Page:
Clarence "Blowfly" Reid is seen performing in the documentary… (Tim Trotman / Special Theory…)
The curious, vulgar tale of Clarence "Blowfly" Reid and his music can be best understood through an interaction between him and Miami electronic producer Otto Von Schirach near the end of "The Weird World of Blowfly," a documentary celebrating the life of the bawdy performer.
"You were pretty disgusting," Von Schirach tells Reid after a Blowfly gig. "Why, thank you," responds the 72-year-old singer, who since 1969 has performed — in a sequined blue mask and faux superhero's outfit — dirty parody songs that would make Hugh Hefner blush.
Over the course of his 50-year career, Reid has written straight pop music but is best known for Blowfly titles such as "Porno Freak" and "Electric Banana." This documentary, directed by first-timer Jonathan Furmanski, follows Reid on 2008 tours of Europe and America as he and his increasingly desperate and unlikable manager attempt to revive what's left of the Blowfly brand.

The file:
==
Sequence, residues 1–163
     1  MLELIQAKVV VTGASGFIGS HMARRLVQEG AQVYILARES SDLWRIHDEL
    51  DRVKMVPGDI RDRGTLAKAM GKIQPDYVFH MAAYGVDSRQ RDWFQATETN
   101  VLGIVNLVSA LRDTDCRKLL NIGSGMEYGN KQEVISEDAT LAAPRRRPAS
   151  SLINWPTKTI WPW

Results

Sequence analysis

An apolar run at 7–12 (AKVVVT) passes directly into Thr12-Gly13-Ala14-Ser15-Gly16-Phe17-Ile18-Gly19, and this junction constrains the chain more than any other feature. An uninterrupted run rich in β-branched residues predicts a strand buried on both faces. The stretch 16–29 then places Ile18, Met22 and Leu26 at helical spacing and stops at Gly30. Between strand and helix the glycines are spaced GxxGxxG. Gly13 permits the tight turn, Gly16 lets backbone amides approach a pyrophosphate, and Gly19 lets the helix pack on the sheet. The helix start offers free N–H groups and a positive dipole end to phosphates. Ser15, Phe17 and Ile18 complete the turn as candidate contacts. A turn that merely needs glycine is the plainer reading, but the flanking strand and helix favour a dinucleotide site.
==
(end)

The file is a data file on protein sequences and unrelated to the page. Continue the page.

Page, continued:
But unlike the characters in the similarly structured "Anvil! The Story of Anvil," about a middling but charismatic heavy metal band, neither Reid nor his manager can carry this documentary for its duration. In fact, extended scenes of Reid eating pancakes in a hotel room, of the singer and his manager arguing about where to stash a pizza, of Blowfly and band getting booed and pelted with ice during a German festival performance, suggest a dearth of material.
What ends up on screen is less a story than a string of depressing, offensive or depressingly offensive scenes.